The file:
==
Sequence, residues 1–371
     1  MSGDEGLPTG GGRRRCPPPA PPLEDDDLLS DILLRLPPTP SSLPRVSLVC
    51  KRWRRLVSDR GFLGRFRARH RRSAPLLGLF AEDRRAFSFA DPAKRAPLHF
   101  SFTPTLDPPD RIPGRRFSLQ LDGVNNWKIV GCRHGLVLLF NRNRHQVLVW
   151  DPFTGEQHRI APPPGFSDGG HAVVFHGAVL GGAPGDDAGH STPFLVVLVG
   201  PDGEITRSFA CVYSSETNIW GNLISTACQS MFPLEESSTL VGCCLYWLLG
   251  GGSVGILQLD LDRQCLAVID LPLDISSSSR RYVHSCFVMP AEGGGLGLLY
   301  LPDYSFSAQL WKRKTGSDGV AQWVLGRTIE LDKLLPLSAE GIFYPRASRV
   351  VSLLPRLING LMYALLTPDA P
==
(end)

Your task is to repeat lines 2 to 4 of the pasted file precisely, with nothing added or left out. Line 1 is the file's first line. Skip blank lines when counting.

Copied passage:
     1  MSGDEGLPTG GGRRRCPPPA PPLEDDDLLS DILLRLPPTP SSLPRVSLVC
    51  KRWRRLVSDR GFLGRFRARH RRSAPLLGLF AEDRRAFSFA DPAKRAPLHF
   101  SFTPTLDPPD RIPGRRFSLQ LDGVNNWKIV GCRHGLVLLF NRNRHQVLVW